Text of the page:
By M.D. Kittle | Wisconsin Reporter
MADISON — Ricky Bobby: The Republican Party wants your vote.
Well, not you, Ricky. You are a fictional NASCAR racing legend played by the inimitable Will Farrell in the movie “Talladega Nights: The Ballad of Ricky Bobby.”
But conservative organizations are intensely courting NASCAR nation and its 75 million fans, the vast majority of them voting age and right-leaning in their political persuasions.
And groups like American Majority, a nonprofit “farm system” for free-market, limited government candidates, will be front and center at this weekend’s NASCAR Nationwide Series race at the Road America track in Elkhart Lake.
In a nod to the liberal “Rock the Vote” initiative, American Majority looks to connect with conservatives at racetracks nationwide.
The national outreach campaign encourages Americans of “all political stripes” to Pledge to Vote this year and support fiscally conservative policies to “Keep America Free,” according to the organization’s news release.
Those three words — Keep America Free — are emblazoned on the race car American Majority has sponsored in this year’s Nationwide Series.
Race officials expect to see more than 100,000 faces at the track this week, leading up to Saturday’s big shootout of the top NASCAR drivers in the land.
American Majority wants to reach as many as possible, pitching a tent with racing-related activities and swag — and an ideological pitch, too. Because, while NASCAR moms and dads may be more likely to vote Republican, too many in the NASCAR nation don’t bother to vote at all.
“We realize this is a demographic that tends to be more conservative, very passionate and very patriotic,” said Ned Ryun, president and founder of American Majority. “We’ve found 20 to 30 percent of those identified as registered voters vote sometimes or never.”
Presumptive Republican presidential nominee Mitt Romney is on his Every Town Counts Bus Tour this week.
Groups like American Majority say every vote will count in a presidential election that promises to be close, with more battleground states, like Wisconsin, in play.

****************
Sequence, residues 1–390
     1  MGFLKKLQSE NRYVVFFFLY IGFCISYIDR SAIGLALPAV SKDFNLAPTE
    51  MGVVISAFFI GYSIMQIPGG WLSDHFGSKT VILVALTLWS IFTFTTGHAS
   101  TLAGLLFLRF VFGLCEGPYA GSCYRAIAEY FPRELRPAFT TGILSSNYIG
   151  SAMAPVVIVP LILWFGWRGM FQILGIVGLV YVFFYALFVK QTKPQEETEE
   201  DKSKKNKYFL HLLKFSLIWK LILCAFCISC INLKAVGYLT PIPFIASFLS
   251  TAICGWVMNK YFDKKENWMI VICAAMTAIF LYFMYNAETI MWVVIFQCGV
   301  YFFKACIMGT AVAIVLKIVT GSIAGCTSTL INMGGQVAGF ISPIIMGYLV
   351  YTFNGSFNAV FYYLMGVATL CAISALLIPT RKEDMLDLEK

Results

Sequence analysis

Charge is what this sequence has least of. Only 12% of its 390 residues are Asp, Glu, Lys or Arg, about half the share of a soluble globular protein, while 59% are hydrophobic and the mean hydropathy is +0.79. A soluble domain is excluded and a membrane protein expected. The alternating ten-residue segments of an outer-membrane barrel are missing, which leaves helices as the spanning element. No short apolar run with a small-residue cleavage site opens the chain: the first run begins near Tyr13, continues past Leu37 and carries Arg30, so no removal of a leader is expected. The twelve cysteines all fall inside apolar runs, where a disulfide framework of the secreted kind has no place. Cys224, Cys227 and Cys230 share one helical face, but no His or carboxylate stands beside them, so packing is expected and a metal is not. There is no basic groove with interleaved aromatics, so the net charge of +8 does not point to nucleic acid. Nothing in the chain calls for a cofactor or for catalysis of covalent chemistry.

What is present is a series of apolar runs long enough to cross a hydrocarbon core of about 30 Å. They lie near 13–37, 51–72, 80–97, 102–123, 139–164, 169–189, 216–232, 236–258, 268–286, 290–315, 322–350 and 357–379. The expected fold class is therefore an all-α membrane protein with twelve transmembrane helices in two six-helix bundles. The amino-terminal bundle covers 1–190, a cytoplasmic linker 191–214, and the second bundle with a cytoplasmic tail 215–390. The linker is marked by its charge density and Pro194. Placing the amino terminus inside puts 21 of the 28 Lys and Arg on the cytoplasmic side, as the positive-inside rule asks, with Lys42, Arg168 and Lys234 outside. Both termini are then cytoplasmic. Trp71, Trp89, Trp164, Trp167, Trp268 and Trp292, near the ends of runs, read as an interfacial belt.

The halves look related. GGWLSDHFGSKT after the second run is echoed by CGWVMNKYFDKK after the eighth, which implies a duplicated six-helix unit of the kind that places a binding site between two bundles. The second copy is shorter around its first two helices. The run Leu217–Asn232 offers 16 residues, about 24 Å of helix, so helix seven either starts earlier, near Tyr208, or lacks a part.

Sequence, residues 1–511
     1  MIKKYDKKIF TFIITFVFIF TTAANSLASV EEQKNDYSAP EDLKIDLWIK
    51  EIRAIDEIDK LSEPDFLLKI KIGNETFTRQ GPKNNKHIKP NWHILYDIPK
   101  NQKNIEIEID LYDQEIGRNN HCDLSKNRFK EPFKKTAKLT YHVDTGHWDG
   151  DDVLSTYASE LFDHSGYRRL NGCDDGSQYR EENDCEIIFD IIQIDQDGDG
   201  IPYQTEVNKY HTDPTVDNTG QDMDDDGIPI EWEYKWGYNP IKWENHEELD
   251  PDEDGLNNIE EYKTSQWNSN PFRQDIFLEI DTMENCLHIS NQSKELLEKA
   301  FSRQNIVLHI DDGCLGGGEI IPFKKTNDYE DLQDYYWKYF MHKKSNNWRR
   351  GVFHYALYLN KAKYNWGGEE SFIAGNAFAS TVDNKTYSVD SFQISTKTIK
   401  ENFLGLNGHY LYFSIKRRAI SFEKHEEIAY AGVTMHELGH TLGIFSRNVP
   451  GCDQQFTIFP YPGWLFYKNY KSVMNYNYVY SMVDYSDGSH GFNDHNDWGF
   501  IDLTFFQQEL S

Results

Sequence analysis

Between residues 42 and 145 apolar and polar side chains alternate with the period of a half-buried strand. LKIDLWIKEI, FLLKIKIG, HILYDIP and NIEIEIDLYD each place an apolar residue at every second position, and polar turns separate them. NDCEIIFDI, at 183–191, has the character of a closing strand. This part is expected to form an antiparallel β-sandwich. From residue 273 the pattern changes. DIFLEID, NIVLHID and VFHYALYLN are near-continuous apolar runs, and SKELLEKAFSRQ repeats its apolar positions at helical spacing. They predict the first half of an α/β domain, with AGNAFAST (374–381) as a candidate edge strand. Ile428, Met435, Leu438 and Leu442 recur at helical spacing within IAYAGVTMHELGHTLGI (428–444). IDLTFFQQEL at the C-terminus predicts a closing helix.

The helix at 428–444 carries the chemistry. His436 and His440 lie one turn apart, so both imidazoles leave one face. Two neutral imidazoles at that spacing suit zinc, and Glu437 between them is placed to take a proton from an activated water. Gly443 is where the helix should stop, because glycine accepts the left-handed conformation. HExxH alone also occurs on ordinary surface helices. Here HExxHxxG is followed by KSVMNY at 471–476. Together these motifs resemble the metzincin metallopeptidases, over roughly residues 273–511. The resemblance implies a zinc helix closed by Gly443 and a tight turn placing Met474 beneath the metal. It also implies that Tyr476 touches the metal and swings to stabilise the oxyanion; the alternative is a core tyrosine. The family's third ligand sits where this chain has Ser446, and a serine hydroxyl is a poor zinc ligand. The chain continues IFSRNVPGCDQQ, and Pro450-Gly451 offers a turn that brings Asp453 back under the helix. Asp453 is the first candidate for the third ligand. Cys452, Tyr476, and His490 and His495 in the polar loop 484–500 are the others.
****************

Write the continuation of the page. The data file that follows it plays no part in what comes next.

“If there was an increase in NASCAR fans voting in certain key states by a few percentage points, that could make a big impact,” Ryun said.
Jason Bowles drives No. 81 and is perhaps the poster child for American Majority’s campaign.
He’s 29, works another job during the first part of the week and spends his long weekends on the racing circuit.
He wasn’t registered to vote until recently.
Bowles said it’s not that he wasn’t interested in politics or the state of his country. For the most part, he said he was like a lot of Americans — busy.
“I just felt like I wasn’t educated enough to go out there and change something. I was busy with other things going on,” he said. “I am realizing as I get older how important it is to go vote.”
Arguably his latest visit with the IRS for due taxes served as a wake-up call for the professional race car driver about the impact elected leaders have on his pocketbook.
American Majority isn’t the only conservative group trying to get out the NASCAR fan vote. Veteran conservative activist Ralph Reed and his Faith and Freedom Coalition have sponsored the No. 32 car. The coalition’s message isn’t about soda, it’s simply: “Register to Vote.”
“I think you are going to see the most muscular and robust turnout operation directed at conservatives and center-right voters that you have ever seen,” Reed told POLITICO.
Democrats haven’t rallied around the NASCAR bloc in the same way they have other demographic groups, but Dave “Mudcat” Saunders, a veteran Virginia Democratic operative, told POLITICO that Dems shouldn’t give up the NASCAR voter to Republicans.
He did warn that Romney and President Barack Obama would look as out of place at a NASCAR event as the pit crew might look at black-tie symphony mixer.
John Ewert, communications director for Road America, said NASCAR fans may tend to lean more conservative, but the sport has become much more mainstream. Cars are decked out with more issue advocacy messages, like Jeff Gordon’s “Drive to End Hunger,” and AARP’s sponsored car.
Politicians, Ewert said, ignore NASCAR at their own peril.
“Why would any politician not want to be out among the fans, showing up at driver’s appearances?” he said. “Motorsport fans are very, very loyal.”
Local car sponsorships, Ewert said, start at just a few thousand dollars and climb as high as $50,000, depending on the exposure.
Full-blown national sponsorships on the NASCAR circuit can top $3 million.
As of Tuesday, Ewert said no politicians that he knew of had committed to be make an appearance at Road America.